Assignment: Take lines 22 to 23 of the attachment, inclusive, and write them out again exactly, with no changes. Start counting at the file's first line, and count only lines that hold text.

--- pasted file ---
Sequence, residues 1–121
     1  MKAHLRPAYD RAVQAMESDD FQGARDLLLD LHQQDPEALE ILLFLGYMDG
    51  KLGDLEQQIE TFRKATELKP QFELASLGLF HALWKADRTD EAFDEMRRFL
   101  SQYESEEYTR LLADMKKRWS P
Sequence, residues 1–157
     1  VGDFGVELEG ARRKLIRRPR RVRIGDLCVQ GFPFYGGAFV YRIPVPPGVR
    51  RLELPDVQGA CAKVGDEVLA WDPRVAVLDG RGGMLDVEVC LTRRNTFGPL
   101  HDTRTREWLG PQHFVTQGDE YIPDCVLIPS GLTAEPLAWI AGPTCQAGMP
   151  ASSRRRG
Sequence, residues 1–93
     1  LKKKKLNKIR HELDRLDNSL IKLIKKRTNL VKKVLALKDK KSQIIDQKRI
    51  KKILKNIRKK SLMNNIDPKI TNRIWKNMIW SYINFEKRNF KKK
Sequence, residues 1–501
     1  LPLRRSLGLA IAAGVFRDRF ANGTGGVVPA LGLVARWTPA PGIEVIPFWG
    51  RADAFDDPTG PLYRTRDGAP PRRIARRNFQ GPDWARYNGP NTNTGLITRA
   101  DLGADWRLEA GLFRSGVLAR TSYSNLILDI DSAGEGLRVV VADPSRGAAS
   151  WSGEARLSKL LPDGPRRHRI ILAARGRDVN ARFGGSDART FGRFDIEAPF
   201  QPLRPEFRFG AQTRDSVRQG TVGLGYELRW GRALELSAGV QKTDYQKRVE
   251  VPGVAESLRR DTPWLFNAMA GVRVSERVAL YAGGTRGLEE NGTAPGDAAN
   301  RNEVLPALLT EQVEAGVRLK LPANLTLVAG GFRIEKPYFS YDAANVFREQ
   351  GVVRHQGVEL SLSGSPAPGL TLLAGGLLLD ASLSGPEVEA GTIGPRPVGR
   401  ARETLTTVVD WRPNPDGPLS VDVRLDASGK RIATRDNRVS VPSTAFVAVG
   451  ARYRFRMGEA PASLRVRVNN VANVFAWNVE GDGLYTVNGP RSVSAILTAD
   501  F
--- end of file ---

   401  ARETLTTVVD WRPNPDGPLS VDVRLDASGK RIATRDNRVS VPSTAFVAVG
   451  ARYRFRMGEA PASLRVRVNN VANVFAWNVE GDGLYTVNGP RSVSAILTAD